An engineer on my team, Jim Collins, worked on this blog entry and I know its something that we see a lot of questions on here internally. Enjoy, and thanks Jim!
I'd like to talk about Multi branching support for Windows component based servicing. To start let's define some terms that I will be using extensively during this blog.
General Distribution Release (GDR) - GDR updates can be found on Windows update and come in the form of Security Updates, Feature Packs, Update roll-ups, Drivers, and Critical updates. These are released on Windows update so that they are available to a wide audience and go through extensive testing.
Limited Distribution Release (LDR) - LDR updates are created for specific issues that only a fraction of users may encounter. Because of this they do not go through as extensive testing as GDR updates.
Quick Fix Engineering (QFE) - QFE's are synonymous to LDR updates. In previous version of Windows, we used the term QFE to describe these types of updates. In current versions of Windows, we use the term LDR. Expect to hear both terms used interchangeably.
When you install Windows all the files on the system are on the GDR branch. If patching is done via Windows update, Microsoft Update and/or WSUS, then you will always remain on the GDR branch. Some KB articles have hotfixes that are not distributed via Windows update and are only packaged with LDR versions of the files to be updated. When an LDR version of a fix is installed, it will move the files updated to the LDR branch and these files will remain on the LDR branch until the next Service Pack is installed.
Note: When talking about the GDR and LDR branches we are speaking on the file level, not the OS level.
Note: All patches distributed via Windows update are considered dual branch updates; they contain both the GDR and LDR versions of the files.
Note: Service Packs contain only GDR branch versions of files. So installing a Service Pack will put all your files back on the GDR branch.
I hope that that clears up what branching is. Now let's talk about how to tell what branch you are on for a specific file.
If you pull up the listing of files for a Windows Update available for Windows 7 and Windows Server 2008 R2, you may see a listing that looks like the following:
Windows7 and Windows Server 2008 R2
For Windows Vista and Windows Server 2008 installations, the KB file listing might look like this:
Windows Vista SP1 and Windows Server 2008 SP1
Windows Vista SP2 and Windows Server 2008 SP2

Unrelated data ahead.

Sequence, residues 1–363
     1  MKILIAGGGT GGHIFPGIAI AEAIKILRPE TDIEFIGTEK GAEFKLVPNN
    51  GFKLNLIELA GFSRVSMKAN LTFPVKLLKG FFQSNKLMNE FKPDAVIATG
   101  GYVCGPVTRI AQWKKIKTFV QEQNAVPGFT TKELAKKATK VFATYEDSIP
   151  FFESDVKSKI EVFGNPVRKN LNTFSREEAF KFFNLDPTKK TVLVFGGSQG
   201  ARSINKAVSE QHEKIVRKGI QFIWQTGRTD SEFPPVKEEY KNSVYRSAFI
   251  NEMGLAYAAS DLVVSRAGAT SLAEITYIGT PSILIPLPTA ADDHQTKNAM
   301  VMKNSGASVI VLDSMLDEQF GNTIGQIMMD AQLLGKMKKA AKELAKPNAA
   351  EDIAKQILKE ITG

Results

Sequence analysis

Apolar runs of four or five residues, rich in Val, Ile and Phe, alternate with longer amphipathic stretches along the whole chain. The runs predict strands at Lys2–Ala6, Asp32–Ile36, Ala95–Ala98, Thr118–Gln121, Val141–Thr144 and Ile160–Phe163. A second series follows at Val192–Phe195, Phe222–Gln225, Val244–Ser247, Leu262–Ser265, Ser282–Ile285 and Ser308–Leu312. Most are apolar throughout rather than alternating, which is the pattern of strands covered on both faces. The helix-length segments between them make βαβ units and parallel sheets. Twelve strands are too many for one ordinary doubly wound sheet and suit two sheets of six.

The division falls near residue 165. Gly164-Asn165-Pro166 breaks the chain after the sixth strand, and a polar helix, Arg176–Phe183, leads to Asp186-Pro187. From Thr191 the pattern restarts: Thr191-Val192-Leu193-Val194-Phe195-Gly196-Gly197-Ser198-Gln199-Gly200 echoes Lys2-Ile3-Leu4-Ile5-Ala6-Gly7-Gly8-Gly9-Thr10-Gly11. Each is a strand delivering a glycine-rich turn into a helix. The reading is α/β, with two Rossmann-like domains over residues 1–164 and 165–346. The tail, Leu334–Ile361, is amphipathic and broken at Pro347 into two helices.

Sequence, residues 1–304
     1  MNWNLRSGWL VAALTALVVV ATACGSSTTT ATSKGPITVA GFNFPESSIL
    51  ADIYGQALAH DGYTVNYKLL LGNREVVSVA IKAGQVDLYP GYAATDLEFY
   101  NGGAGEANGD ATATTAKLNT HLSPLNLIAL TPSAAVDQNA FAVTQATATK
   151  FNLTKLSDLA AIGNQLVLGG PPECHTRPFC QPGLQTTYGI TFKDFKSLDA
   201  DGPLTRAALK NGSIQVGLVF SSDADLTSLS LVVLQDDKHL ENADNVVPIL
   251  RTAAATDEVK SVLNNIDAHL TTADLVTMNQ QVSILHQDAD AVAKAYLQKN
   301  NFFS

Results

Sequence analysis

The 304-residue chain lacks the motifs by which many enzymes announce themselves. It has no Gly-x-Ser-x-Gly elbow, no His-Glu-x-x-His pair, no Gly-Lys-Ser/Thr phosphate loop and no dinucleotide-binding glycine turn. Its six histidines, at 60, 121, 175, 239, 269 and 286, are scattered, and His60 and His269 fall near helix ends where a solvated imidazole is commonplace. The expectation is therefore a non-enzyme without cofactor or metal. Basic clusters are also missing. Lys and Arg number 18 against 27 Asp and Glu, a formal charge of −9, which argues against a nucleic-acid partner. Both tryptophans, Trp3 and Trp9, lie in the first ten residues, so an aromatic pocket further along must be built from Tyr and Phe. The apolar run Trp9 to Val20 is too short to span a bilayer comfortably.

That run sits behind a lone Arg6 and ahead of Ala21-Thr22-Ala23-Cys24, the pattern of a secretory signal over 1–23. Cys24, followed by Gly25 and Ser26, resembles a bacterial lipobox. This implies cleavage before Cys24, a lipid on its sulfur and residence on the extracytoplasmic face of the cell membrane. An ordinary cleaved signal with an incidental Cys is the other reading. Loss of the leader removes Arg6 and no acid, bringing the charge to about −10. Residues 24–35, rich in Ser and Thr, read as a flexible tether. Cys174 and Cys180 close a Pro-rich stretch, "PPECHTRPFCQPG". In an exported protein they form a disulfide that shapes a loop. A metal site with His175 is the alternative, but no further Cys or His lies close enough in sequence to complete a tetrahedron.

In both cases, the first two numbers represent the product version. Therefore, for the top chart 6.1 refers to Windows 7 or Windows Server 2008 R2 installations. The next four numbers represent the milestone for the version, once again, for the first chart, 7600 represents RTM and 7601 represents SP1. The last group of numbers indicates whether the file is on the GDR or LDR branch. The rule of thumb is if the last group starts with the number 1, you are on GDR branch and if the last group starts with the number 2, you are on the LDR branch.
When a Service Pack is released for Windows, it needs to contain all update packages due to multiple versions of files. One would be for the most current Service Pack level (N) and one for the previous version (N-1). With this in mind, all post Service Pack Windows Updates will contain four versions of the files, when the update applies to both RTM and Service Pack levels.
From here, three attributes determine how a file is updated when applying updates. These are:
· Existence Holder - This attribute gets set when the file is installed and only changes when a milestone update is applied. In the diagram below, the existence holder for an RTM system would be RTMGDR1.0.
· Branch Holder - This attributes determines which branch of an update is applicable. There will always be a winner for this attribute. If a component contributes to this attribute, it will become the holder. In the diagram below, the branch holder for an RTM system would be RTMGDR or RTMLDR.
· Revision Holder - This attribute determines which revision of an update is applicable. This will always be the newest revision of the update on the branch that is the branch holder. In the diagram below, the Revision holder would be the 1.x for RTM updates and 1.x or 2.x for post Service Pack 1 updates.
Note: LDR 5 represents a fix created after SP1, which includes RTM and SP1 files for the fix.
Let's look at the progression of a file when updated with GDR and LDR updates.
For this scenario, three updates are applied to a system (RTMGDR1.1, RTMLDR1.2 and RTMGDR1.4). The order in which the updates are installed is irrelevant. The updates are:
· RTMGDR1.1 - This update was installed and became the Branch holder and Revision holder.
· RTMGDR1.4 - The branch holder remains RTMGDR and since the revision is higher, this becomes the revision holder. Therefore, this is the update that will be present on the machine.